The resulting fragmentation profile is very consistent among non-cancer individuals, including those with non-malignant lung nodules. In contrast, cancer patients exhibit extensive genome-wide variation. Next, they performed principal component analysis (PCA) to identify linear combinations of fragmented features. Then, they incorporated this dimensionality reduction step into the machine learning model to generate a score (DELFI score) for each person.
Next, the research team examined the relationship between DELFI scores and cancer stage and histology. Although non-cancer individuals have lower DELFI scores, cancer patients have significantly higher median DELFI scores. The area under the curve (AUC) for identifying the sensitivity and specificity of cancer patients is 0.90. Stage I cancers are more difficult to identify, but stage II, III, and IV cancers have similar high performance.
An analysis of the subset of individuals in this group considered to be at high risk of lung cancer revealed an overall AUC of 0.94. Analysis of the different histological subtypes of lung cancer shows that small cell lung cancer (SCLC) and squamous cell lung cancer (SCC) are easier to detect than lung adenocarcinoma. Overall, these analyses indicate that the DELFI method can be generalized to different lung cancer cohorts, including different stages and histological subtypes.
Subsequently, the research team assessed whether the genome-wide fragmentation map can be used to non-invasively distinguish these cancer types. They used RNA-seq data from TCGA to identify ASCL1 as the most differentially expressed gene. They used the fragment information in the ASCL1 binding region to create a classifier that can be used to accurately detect 10 of 11 SCLCs (with a sensitivity of 91%) and 158 non-cancer individuals (with a specificity> 99%). In addition, comparing SCLC patients with other DELFI-positive cases without SCLC, it has a higher accuracy (100% sensitivity, 95% specificity). These findings indicate that the fragmentation profile can reflect cell-type-specific genome-wide transcription factor binding and provide a non-invasive method for distinguishing lung cancers with different histological subtypes.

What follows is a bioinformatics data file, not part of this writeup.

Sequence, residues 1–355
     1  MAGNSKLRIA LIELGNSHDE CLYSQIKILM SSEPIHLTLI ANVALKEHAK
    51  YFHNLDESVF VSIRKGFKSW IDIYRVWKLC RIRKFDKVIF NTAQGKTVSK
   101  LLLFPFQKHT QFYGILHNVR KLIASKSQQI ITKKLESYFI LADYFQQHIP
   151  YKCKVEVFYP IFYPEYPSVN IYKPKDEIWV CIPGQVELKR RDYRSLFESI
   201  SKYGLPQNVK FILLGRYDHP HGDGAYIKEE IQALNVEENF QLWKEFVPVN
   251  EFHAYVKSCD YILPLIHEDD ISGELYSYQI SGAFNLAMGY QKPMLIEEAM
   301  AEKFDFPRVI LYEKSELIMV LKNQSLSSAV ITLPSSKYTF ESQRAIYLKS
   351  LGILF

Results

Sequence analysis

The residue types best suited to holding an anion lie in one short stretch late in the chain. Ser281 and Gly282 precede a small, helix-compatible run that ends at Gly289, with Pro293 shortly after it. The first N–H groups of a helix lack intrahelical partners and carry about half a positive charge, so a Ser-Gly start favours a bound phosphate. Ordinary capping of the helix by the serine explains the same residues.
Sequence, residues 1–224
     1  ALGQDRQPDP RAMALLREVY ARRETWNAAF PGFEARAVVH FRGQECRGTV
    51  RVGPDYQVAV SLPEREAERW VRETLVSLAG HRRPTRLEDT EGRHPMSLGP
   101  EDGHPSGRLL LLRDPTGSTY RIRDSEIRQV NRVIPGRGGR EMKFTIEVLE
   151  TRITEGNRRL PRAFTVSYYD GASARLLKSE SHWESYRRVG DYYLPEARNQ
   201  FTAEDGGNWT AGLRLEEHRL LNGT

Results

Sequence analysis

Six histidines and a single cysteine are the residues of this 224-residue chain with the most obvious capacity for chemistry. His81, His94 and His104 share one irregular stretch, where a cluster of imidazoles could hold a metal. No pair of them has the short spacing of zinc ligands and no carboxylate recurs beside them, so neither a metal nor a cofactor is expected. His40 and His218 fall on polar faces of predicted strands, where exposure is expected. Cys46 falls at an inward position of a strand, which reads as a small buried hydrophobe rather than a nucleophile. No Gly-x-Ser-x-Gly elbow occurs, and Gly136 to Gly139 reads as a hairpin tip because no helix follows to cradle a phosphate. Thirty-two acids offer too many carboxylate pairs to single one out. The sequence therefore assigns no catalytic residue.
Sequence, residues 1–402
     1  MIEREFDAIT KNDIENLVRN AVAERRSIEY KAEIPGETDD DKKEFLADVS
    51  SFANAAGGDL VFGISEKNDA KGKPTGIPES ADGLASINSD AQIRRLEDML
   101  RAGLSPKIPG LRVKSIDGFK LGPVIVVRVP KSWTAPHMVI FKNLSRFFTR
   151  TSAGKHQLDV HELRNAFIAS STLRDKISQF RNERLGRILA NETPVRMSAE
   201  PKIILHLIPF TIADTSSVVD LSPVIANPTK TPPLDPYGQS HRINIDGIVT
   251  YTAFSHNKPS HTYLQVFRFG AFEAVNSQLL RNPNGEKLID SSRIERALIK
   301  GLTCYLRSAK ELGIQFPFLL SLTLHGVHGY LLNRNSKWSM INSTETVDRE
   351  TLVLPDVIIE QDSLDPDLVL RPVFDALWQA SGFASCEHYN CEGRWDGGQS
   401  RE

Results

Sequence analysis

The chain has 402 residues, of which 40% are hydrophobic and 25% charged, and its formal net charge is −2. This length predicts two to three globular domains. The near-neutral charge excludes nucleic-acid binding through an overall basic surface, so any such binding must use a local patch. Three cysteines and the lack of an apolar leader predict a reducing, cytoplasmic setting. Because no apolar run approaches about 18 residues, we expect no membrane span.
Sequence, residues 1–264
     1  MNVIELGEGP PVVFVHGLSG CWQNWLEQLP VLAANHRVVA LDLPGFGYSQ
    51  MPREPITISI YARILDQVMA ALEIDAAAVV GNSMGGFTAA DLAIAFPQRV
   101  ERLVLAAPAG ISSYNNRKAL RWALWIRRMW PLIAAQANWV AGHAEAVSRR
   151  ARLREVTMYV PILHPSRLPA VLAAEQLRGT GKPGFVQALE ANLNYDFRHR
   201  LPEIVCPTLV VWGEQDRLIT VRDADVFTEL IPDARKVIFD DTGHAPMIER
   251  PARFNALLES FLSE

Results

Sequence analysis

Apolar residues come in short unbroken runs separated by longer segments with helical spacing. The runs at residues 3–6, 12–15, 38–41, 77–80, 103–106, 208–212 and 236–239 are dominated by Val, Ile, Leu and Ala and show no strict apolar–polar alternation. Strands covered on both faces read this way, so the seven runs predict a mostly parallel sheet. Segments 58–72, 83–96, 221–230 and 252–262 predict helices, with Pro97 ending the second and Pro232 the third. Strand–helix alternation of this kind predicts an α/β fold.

Finally, the research team checked the performance of the DELFI method or the combined DELFI/LDCT method. Performance analysis of LDCT alone in the LUCAS cohort showed high sensitivity and low specificity. In a model that uses the DELFI score to pre-screen patients, and only further evaluates positive patients through LDCT, the observed sensitivity of the DELFI/LDCT combination method is 90%, and the specificity increases to 80%. In the diagnosis of 100,000 high-risk individuals, the combined method not only significantly increased the detection rate of lung cancer, but also improved the accuracy of detection. These analyses show that using a highly sensitive blood-based early detection test as a pre-screening for LDCT to detect lung cancer has significant population-wide benefits.
In summary, this work introduces an improved DELFI method for whole-genome fragmentation analysis for the detection of lung cancer. This method can be used to pre-screen high-risk groups of lung cancer to increase the accessibility of lung cancer detection and reduce unnecessary follow-up imaging procedures and invasive biopsy.
(source:internet, reference only)